Dear H-AmStdy readers,
In the coming weeks, the Review Editors here at H-AmStdy intend to publish the first reviews that have appeared on the network since 2012. Book and other reviews were posted sporadically to H-AmStdy when it was still only an email list. Now, as part of the larger H-Net Commons project, we hope to maintain a more regular schedule of reviewing important works.
Up first will be two reviews of publications in the vibrant field of Native American/Indigenous studies. M. Carmen Gomez-Galisteo traces the contested question of gender in the early encounters between European settlers and the Native population, responding to Rebecca Kay Jager’s Malinche, Pocahontas, and Sacagawea: Indian Women as Cultural Intermediaries and National Symbols (University of Oklahoma Press, 2015). And Andrew Lipman’s The Saltwater Frontier: Indians and the Contest for the American Coast (Yale University Press, 2015) is the starting point for Oana Godeanu-Kenworthy’s discussion of contact zones in colonial struggles.
Shortly after these reviews appear, we will publish Sandra Moats’ review of Ron Chernow's Hamilton (Penguin Books, 2005), the book that inspired Lin-Manuel Miranda’s 2015 Broadway musical. This review is part of a constellation that will be featured across the H-Net Commons; H-PCAACA will publish a review of the musical and H-Teach will present a collection of related teaching material.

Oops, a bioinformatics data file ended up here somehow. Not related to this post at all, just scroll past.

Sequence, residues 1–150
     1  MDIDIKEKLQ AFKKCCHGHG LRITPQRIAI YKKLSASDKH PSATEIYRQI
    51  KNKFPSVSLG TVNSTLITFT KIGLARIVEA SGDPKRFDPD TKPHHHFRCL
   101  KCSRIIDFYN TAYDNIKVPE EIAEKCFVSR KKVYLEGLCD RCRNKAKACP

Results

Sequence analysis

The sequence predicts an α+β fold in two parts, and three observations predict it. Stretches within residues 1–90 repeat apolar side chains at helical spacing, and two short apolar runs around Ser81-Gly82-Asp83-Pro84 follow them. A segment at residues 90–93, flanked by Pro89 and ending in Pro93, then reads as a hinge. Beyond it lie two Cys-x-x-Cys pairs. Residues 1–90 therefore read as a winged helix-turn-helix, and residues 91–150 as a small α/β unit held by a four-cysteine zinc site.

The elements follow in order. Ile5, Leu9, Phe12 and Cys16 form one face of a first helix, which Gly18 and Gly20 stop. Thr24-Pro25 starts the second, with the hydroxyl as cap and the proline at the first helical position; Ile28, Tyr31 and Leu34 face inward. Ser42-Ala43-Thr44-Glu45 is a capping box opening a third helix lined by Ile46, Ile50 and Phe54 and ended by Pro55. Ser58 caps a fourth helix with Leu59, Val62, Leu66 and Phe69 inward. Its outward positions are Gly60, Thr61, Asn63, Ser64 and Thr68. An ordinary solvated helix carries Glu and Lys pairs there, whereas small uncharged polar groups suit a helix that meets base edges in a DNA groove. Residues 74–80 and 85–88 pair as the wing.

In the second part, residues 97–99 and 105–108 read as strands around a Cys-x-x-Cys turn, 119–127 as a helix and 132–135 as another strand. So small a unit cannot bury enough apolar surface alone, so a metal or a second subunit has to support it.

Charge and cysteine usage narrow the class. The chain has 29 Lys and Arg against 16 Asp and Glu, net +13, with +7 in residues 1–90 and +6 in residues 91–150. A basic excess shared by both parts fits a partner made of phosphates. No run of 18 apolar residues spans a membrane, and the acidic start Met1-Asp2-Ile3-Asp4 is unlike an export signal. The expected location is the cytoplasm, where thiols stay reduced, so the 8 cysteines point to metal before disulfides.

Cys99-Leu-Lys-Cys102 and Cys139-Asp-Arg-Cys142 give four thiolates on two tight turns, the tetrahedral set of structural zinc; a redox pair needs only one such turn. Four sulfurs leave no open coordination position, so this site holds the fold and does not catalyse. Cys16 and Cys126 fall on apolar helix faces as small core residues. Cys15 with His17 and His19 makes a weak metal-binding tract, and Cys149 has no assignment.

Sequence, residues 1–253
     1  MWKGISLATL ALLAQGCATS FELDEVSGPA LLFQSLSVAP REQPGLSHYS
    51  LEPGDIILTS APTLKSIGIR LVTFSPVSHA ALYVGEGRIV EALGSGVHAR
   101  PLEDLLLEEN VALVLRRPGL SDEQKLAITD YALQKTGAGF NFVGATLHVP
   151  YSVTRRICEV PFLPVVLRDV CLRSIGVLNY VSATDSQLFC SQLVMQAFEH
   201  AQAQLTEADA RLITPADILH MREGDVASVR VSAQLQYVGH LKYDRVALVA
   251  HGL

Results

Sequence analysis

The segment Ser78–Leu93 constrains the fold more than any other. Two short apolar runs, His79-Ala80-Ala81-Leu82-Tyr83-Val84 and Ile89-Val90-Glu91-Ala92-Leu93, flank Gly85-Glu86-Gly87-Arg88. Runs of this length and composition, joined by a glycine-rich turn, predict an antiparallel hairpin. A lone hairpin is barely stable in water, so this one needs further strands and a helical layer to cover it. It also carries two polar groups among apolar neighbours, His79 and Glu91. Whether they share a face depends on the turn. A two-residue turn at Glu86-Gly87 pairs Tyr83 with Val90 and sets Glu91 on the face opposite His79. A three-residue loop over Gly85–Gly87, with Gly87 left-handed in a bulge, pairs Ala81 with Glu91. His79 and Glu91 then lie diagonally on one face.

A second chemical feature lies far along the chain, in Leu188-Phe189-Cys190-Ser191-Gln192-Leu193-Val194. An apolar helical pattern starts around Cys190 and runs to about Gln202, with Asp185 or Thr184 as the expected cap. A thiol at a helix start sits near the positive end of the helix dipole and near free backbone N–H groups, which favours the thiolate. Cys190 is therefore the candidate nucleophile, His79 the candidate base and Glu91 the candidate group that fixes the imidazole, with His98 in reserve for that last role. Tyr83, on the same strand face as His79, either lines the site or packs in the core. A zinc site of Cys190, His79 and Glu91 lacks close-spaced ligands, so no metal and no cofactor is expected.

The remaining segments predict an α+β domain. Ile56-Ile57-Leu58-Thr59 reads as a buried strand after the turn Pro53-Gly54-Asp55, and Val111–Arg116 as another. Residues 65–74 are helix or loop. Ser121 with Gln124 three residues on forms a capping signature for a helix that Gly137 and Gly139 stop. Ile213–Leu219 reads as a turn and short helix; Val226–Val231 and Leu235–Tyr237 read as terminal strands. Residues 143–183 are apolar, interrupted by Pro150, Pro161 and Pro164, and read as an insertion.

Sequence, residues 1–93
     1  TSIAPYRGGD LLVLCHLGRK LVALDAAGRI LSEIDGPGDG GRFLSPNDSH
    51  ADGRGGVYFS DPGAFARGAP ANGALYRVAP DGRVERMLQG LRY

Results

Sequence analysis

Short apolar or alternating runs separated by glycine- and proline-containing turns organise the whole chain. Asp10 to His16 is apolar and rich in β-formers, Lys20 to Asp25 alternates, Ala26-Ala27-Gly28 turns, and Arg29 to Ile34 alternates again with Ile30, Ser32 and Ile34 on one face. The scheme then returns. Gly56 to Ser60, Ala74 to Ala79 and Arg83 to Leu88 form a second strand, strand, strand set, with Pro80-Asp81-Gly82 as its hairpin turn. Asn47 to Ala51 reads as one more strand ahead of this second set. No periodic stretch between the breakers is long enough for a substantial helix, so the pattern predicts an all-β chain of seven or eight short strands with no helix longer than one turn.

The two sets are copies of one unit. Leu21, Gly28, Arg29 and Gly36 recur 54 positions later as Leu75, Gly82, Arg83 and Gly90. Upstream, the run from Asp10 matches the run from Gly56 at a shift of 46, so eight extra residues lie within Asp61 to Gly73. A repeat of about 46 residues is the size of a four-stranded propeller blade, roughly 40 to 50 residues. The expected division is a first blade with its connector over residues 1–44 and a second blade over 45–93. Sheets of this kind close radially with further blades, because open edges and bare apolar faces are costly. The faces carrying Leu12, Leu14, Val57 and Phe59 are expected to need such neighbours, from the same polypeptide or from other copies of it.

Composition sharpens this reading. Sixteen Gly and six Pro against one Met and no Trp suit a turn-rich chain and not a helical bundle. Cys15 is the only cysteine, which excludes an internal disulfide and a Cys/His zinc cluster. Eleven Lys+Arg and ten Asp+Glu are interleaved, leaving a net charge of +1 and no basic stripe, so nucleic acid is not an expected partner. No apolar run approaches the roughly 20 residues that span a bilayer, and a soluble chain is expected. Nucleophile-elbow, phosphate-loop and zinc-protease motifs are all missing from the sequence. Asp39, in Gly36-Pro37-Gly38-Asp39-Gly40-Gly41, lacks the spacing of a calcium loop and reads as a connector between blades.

In November, shortly before the American Studies Association annual conference in Denver, we will publish reviews of three books by ASA member Viet Nguyen. One of these books, The Sympathizer, won the Pulitzer Prize for Fiction this year. We look forward to highlighting Nguyen’s work.
On Behalf of
The H-AmStdy Review Editors
Miami University in Ohio
University of Augsburg